In 1985, for example, famed physicist Richard Feynman published two books, both of which became bestsellers. "Surely You're Joking, Mr. Feynman!" featured vivid, personal storytelling -- safe-cracking at wartime Los Alamos, learning to draw nude models during his down-time at Caltech -- but virtually no science. Feynman's other book that year, QED: The Strange Theory of Light and Matter, was an accessible treatment of the work in quantum physics for which he had earned the Nobel prize. QED was brimming with metaphors and line drawings but devoid of personal stories. Even the iconoclastic Feynman respected a bright line between scientific description and personal commentary.
Three years later, physicist Stephen Hawking's book, A Brief History of Time, broke with such conventions. Hawking narrated his account in the first person, interspersing stories of his apprenticeship in the field, his family life, and his struggles with amyotrophic lateral sclerosis (ALS) amid descriptions of his research into the warping of spacetime and the fate of black holes. The book sold more than 12 million copies during its first decade and quickly became a template. A colleague of mine, working on his own popular physics book in the mid-1990s, had his manuscript returned from an editor because he did not appear -- as a first-person protagonist -- until midway through the narrative.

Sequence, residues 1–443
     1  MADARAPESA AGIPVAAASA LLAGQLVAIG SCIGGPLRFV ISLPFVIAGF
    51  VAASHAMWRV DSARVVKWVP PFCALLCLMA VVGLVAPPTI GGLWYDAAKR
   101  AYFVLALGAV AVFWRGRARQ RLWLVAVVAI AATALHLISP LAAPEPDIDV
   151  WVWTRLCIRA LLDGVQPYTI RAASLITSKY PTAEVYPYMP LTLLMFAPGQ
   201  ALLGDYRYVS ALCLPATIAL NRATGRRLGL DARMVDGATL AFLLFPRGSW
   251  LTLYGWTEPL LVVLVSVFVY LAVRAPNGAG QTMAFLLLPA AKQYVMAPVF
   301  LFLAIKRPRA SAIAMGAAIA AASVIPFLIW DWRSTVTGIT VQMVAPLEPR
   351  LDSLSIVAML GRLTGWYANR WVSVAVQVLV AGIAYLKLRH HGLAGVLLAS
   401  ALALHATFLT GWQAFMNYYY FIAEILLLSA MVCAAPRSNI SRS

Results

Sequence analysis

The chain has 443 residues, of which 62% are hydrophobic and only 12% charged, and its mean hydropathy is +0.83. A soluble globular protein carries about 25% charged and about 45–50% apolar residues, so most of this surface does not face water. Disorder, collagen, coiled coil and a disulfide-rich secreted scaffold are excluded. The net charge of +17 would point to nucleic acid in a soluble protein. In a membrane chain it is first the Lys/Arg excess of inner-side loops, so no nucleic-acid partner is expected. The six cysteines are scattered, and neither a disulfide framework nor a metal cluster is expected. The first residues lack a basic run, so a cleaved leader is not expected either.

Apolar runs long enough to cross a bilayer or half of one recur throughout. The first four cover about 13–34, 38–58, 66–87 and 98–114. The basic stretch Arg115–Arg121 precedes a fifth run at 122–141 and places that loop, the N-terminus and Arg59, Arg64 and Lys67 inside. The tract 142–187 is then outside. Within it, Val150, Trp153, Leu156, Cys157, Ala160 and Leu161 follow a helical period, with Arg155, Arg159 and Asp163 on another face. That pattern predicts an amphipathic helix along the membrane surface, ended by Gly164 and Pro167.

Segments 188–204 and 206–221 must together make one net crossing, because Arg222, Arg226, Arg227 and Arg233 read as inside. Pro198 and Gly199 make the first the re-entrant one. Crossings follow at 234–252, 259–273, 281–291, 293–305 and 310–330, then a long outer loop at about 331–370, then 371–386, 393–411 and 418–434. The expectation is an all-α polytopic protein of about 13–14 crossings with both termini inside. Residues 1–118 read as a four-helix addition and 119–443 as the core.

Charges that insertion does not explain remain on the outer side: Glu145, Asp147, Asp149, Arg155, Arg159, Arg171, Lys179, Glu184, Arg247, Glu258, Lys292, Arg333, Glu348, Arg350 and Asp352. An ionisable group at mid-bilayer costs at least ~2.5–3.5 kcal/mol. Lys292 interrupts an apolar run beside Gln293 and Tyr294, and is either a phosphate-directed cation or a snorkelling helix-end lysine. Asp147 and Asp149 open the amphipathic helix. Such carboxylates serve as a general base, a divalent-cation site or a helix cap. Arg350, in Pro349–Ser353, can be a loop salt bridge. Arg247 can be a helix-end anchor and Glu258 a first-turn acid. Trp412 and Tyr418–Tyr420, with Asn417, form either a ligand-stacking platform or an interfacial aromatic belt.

So the personal turn is not a product of the Internet or cellphone selfies. But there can be no doubt that the proliferation of social media, inexpensive tools for digital production, and broader cultural shifts in self-expression and self-presentation have expanded the range of scientists' styles and sensibilities when engaging with broader audiences. (Imagine if Feynman had a Twitter account.)
What might today's trends in personal narrative, artistic expression, and informality portend for scientific authority in contemporary culture? Watson, Feynman, and Hawking wrote from a presumed position of authority; they had already scaled the heights in their fields. For younger scientists today, authority might derive instead from how an audience perceives the authenticity of a personal tale. Humor, emotion, and storytelling can lower the barriers between scientists and non-specialists. Whether such increased familiarity with scientists -- foibles and all -- will make it easier or more difficult for, say, climate-change denialists to convince voters to ignore scientific consensus remains to be seen.
Our workshop revealed a broad range of motivations, styles, and strategies among today's scientists and science communicators when aiming to engage a broader public. Many practitioners are busy crossing traditional boundaries and deflating hierarchies that had once seemed second-nature -- between objectivity and subjectivity, professionalism and informality, wonder and knowledge. What we don't yet understand -- and what deserves equal scrutiny -- is how, why, and to what ends various audiences encounter science in their everyday lives.